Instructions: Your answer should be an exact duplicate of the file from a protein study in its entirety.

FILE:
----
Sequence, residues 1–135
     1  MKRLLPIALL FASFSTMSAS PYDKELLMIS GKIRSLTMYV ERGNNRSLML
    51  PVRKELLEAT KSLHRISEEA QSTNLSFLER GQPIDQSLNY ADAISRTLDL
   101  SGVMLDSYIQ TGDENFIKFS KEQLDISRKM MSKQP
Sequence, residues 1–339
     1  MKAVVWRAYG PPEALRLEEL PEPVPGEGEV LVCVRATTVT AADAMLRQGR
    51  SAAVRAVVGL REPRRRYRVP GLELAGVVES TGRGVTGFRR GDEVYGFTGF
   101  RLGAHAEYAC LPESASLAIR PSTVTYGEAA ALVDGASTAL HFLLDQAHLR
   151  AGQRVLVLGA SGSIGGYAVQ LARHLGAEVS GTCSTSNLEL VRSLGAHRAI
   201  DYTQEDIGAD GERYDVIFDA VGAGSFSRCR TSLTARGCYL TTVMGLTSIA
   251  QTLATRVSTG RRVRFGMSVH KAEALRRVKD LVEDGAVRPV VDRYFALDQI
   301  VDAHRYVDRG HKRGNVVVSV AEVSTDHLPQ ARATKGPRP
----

Sequence, residues 1–135
     1  MKRLLPIALL FASFSTMSAS PYDKELLMIS GKIRSLTMYV ERGNNRSLML
    51  PVRKELLEAT KSLHRISEEA QSTNLSFLER GQPIDQSLNY ADAISRTLDL
   101  SGVMLDSYIQ TGDENFIKFS KEQLDISRKM MSKQP
Sequence, residues 1–339
     1  MKAVVWRAYG PPEALRLEEL PEPVPGEGEV LVCVRATTVT AADAMLRQGR
    51  SAAVRAVVGL REPRRRYRVP GLELAGVVES TGRGVTGFRR GDEVYGFTGF
   101  RLGAHAEYAC LPESASLAIR PSTVTYGEAA ALVDGASTAL HFLLDQAHLR
   151  AGQRVLVLGA SGSIGGYAVQ LARHLGAEVS GTCSTSNLEL VRSLGAHRAI
   201  DYTQEDIGAD GERYDVIFDA VGAGSFSRCR TSLTARGCYL TTVMGLTSIA
   251  QTLATRVSTG RRVRFGMSVH KAEALRRVKD LVEDGAVRPV VDRYFALDQI
   301  VDAHRYVDRG HKRGNVVVSV AEVSTDHLPQ ARATKGPRP